Three Ways to Take Care of Your Eyes as You Age
May is Healthy Vision Month, which makes taking a proactive approach to better understand your vision, vision-related illness, and how to properly care for your eyesight. Approximately 37 million adults in the US suffer from age-related macular degeneration, cataracts, diabetic retinopathy, or glaucoma. All of these diseases can lead to visual impairment or blindness. Most recently, studies have shown that healthy decisions and regular eye exams can significantly reduce your risk of vision loss.
To support Healthy Vision Month, the American Academy of Ophthalmology encourages all of us to take better care of our eye health and visit a specialist today.
Eat Well for Better Eye Health
There are many health conditions that can be prevented or alleviated with a healthy diet. Your eyesight is one such condition. To enjoy better eye health, start with the food you put on your plate each day. You want to include plenty of nutrients, including omega-3 fatty acids from fish, and vitamins C and E to prevent age-related visual problems.
To ensure you receive the proper nutrients and vitamins, add a few of these items to your dinner plate each day:
- Green vegetables, including spinach, kale, and collards.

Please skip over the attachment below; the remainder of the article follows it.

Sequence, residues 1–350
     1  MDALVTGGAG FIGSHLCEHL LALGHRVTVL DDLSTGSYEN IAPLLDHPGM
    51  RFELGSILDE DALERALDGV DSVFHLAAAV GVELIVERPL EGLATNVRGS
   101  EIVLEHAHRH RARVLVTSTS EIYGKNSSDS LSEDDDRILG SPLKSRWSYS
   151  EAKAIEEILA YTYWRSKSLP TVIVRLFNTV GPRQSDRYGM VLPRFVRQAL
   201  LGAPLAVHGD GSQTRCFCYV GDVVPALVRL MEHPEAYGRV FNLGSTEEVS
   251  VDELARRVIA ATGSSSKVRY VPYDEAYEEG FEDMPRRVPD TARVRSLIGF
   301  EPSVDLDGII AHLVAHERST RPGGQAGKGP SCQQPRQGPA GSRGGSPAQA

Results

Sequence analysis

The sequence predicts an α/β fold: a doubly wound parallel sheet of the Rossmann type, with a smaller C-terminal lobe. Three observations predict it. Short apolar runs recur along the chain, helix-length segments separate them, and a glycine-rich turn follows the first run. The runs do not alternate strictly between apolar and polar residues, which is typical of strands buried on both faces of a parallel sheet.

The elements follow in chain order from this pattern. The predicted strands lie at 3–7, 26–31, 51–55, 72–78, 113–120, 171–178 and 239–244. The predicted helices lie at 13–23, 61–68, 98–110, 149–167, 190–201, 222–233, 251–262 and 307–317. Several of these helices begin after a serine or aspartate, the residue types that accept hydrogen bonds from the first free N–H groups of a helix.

- Salmon, tuna, and oily fish.
- Eggs, nuts, beans, and non-meat proteins.
- Oranges and citrus fruit or juices.
- Oysters and pork.
The goal is to ensure a well-balanced diet and a healthy weight.
Wear Appropriate Eyewear
The right pair of sunglasses or safety eyewear while on the job can do wonders to protect your eyesight. With sunglasses, you are protected against harmful ultraviolet rays. While a little sunlight is nice, too much ultraviolet exposure leads to cataracts and macular degeneration. You should choose sunglasses designed to block 99% to 100% of UVA and UVG rays.
Regarding safety eyewear on the job, either safety glasses or protective goggles designed to protect your eyes from hazardous or airborne objects while working or playing sports work well. Most have a polycarbonate lens to shield the eyes.
Avoid Screens Occasionally
Sure, most of us need to stare at a screen for long periods – because of work, school, or for entertainment purposes after a long day. But staring at a computer or phone screen for too long can lead to eye strain, blurry vision, headaches, and focus issues.
To protect your eyes from screen woes, wear your glasses or prescriptions and make sure they are up to date. If the eye strain does not diminish, visit an eye doctor immediately.
Furthermore, when using a computer for long periods, rest your eyes every 20 minutes. You can do so by looking 20 feet away for 20 seconds. Then, every two hours, take a 15-minute break.